Students new to Thompson Rivers University will learn what their university has to offer them through a range of orientation events from fun to promoting personal and academic success.

Formerly known as Orientation, TRU Discover is for students new to TRU and kicked off on Tuesday (Aug. 26) with registration of international students and other supporting events, continues through the weekend, and wraps on Tuesday, Sept. 2, with events for all new students.

TRU Discover schedule

Registration: 9am
Pre show and pump up: 9-9:45am
First year convocation: 9:45am–10am
Welcome rally: 10am-10:15 am

Discover your academic program—Individual faculty locations
Academic Program Session: 10:30am-noon

Discover your campus community — NOTE LOCATION CHANGE: Student Street 
Resource Fair, Activities and BBQ: noon-3pm

Among other things, TRU Discover is designed to introduce students to support services available to them, to familiarize them with the campus, provide a glimpse of what to expect during their time at TRU, and introduce them to other new students in their areas of study and other parts of campus.

See below for more information for what’s planned.

Figuring out what’s what and where in advance to classes starting proved to be a tremendous stress reducer for Carlee Poleschuk, who is one of the co-coordinators of this year’s TRU Discover.

“I remember being extremely anxious about finding my classes and whether I was going to make it to my next class across campus on time,” recalls Poleschuk. “On the day of orientation I went around to all my classes and made sure I was ready for the first day of university,”

A repeating message throughout TRU Discover is that student can expect a supportive environment throughout the academic year. In other words, the support doesn’t end after Sept. 2, but will continue and be ramped-up during key points like preparing for mid-term and final exams.

“We will continue to offer programs and services throughout the year that change as the needs of the students change,” says Hamilton, adding, “Research shows that students who get involved on campus and feel supported are happier and have more success in university. Our business is about helping students discover their opportunities, connect with their university, engage with their learning, and become all that they wish to be.”


AUG. 30—Family Orientation
Family Orientation is designed to have family members learn more about the campus, its services, and what TRU has to offer beyond the classroom. By having family members on campus, family is more likely to be a greater support network for students.

SEPT. 1—Sekusen’t Aboriginal Orientation
Sekusen’t is an orientation for new Aboriginal students and is designed to help ease them into university life. Sekusen’t is Secwepemc for star, which is used for finding one’s way.

SEPT. 2—Orientation IN THE TRU GYM
This is for all new students, whether domestic or international. Among the scheduled events: welcome video and speeches, First Year Convocation*, pep rally, campus tours, academic open houses**, and a resource fair*** featuring a range of campus representatives, activities, and free BBQ.

*First Year Convocation is a simulated Convocation to give new students a small-scale feel for the celebration and ceremony that happens at Convocation.

**The academic open houses have students breaking into their areas of study and learning more about the instructors and professors, what the department has to offer, touring the physical spaces where classes will be held, and learning about the opportunities outside the classroom.

***The resource fair will feature more than 50 booths, with the majority of them representing campus services like counselling, financial aid and awards, the library, Centre for Student Engagement and Learning Innovation, how to set up a mytru web account, the doctor’s office, health and wellness, recreation and intramurals, free fitness classes, and more.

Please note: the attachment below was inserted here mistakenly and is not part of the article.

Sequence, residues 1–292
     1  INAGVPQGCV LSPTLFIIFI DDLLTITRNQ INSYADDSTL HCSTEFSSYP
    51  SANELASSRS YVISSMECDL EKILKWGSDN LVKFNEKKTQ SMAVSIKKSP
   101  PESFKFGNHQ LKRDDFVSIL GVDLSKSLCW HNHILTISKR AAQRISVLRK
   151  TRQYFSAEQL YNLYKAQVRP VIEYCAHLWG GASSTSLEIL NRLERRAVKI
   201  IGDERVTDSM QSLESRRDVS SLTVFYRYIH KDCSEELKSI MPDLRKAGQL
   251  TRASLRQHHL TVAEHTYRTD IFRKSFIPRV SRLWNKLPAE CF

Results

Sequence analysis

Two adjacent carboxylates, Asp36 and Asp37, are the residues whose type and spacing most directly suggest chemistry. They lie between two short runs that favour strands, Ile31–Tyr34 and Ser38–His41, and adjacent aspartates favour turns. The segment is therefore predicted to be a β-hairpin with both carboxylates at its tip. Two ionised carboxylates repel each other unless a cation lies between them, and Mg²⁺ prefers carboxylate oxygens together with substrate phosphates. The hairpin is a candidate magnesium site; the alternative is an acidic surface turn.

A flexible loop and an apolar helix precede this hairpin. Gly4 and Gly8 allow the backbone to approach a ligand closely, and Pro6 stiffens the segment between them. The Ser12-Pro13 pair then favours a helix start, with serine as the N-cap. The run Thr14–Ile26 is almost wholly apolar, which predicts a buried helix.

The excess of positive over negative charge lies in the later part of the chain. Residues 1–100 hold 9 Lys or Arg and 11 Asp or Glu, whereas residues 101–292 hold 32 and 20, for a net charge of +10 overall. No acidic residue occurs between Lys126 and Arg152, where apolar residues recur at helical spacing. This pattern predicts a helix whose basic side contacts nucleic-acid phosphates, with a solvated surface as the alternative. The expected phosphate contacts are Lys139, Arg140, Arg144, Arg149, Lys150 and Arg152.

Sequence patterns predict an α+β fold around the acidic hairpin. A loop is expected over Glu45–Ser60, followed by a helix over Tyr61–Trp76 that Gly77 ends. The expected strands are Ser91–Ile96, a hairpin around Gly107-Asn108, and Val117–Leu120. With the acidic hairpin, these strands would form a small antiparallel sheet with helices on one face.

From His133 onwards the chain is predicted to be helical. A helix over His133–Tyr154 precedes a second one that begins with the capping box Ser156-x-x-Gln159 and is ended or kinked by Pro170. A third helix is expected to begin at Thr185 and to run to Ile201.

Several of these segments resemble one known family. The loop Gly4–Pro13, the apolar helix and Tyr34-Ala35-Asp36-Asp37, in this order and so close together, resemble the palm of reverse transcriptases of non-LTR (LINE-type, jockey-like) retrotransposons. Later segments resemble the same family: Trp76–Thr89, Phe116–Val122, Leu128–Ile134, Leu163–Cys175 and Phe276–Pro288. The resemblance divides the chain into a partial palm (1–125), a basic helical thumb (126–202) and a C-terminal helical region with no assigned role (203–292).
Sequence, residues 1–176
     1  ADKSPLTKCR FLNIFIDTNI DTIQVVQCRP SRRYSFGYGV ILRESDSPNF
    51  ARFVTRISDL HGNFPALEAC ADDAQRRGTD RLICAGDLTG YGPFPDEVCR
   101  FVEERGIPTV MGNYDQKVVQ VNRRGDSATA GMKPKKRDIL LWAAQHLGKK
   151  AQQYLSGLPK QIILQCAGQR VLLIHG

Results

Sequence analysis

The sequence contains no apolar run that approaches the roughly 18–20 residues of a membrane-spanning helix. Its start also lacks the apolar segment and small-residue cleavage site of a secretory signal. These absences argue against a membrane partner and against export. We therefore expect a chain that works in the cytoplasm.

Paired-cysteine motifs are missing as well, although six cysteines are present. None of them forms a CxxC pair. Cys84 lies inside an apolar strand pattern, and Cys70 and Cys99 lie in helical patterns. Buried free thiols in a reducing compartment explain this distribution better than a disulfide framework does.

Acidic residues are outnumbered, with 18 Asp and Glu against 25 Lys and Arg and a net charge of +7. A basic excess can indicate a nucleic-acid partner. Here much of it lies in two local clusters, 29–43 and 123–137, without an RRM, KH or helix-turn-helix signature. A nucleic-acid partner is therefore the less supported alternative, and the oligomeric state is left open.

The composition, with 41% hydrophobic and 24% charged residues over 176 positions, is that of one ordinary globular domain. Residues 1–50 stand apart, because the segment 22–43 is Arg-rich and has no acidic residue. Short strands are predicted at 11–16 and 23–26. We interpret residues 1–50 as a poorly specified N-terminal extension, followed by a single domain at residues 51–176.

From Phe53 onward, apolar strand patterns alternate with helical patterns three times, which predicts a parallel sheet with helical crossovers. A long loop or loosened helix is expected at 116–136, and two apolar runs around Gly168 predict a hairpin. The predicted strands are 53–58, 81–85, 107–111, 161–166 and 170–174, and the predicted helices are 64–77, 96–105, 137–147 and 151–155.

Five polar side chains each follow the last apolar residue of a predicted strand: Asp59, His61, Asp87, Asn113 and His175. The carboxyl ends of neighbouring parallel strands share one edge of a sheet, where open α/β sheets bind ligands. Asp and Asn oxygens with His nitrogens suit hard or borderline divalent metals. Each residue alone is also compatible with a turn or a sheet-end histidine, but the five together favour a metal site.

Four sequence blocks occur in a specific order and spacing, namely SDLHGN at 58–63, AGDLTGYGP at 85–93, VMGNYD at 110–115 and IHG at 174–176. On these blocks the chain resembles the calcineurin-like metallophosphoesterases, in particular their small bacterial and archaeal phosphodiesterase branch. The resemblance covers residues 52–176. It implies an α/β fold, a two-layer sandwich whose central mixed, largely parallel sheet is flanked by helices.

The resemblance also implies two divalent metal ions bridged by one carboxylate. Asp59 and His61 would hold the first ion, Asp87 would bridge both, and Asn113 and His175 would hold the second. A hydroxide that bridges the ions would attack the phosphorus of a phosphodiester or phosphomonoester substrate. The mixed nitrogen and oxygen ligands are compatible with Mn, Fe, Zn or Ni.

TRU Discover coordinators

Carlee Poleschuk
[email protected]


Nic Zdunich
[email protected]


New at the Writing Centre


The Writing Centre’s tutors and faculty provide help face-to-face and online to improve your communications skills.

Check out the Writing Centre this fall, re-opening Monday, Sept. 15 until December 5. Improve your communications skills with advice and feedback on your writing – the Centre is open to domestic and international students, faculty and staff.

New this fall, the Centre’s space in OM2674 has been painted and renovated. A new appointment and database system launched over the summer, and students say they like being able to book appointments online at their convenience.

On the website and available in the Centre are about 40 handouts to support your writing, and look for tips on the Twitter feed, Facebook page and Writing Centre blog.

The Writing Centre will be open Mondays, Wednesdays and Thursdays from 9 to 4:30; Tuesdays from 9 to 5:30; and Fridays from 9 to 3.

A more extensive tutor training program is being implemented this fall, and the Centre hopes to have a tutor in the House of Learning again on Monday and Wednesday evenings from 7 to 9pm.

The Centre is always looking for volunteers, and has some paid peer tutor positions. Working or volunteering at the Writing Centre is a great opportunity to build your writing, tutoring and communications skills as part of a dynamic and professional team, and work with lots of new and interesting people. Contact coordinator Sara Wolfe at 250.371.5689 for details.

Please see the Writing Centre website for announcements and resources, or feel free to drop in anytime starting Sept. 15.

About the Writing Centre:

At the TRU Writing Centre, we aspire to help writers become more proficient and more confident. We believe writing is a process, and we encourage you to use the Centre’s many resources frequently during your time at TRU. The Centre is staffed by a variety of skilled peer tutors and university faculty who provide writing feedback. By “writers” we mean everyone who writes, from beginners to professionals, including those for whom English is a second language.

Peer tutors and faculty at the Centre will provide the following assistance—either face-to-face or online using Elluminate software:

  • Ask critical questions to help clarify ideas.
  • Give advice for developing effective thesis statements, arguments, paragraphs, etc.
  • Provide help with format and organization.
  • Give advice and handouts related to problems with sentence structure, grammar, and mechanics.
  • Offer advice on scholarly research and documentation (MLA, APA, etc.).

Visit or Old Main 2674 for more information.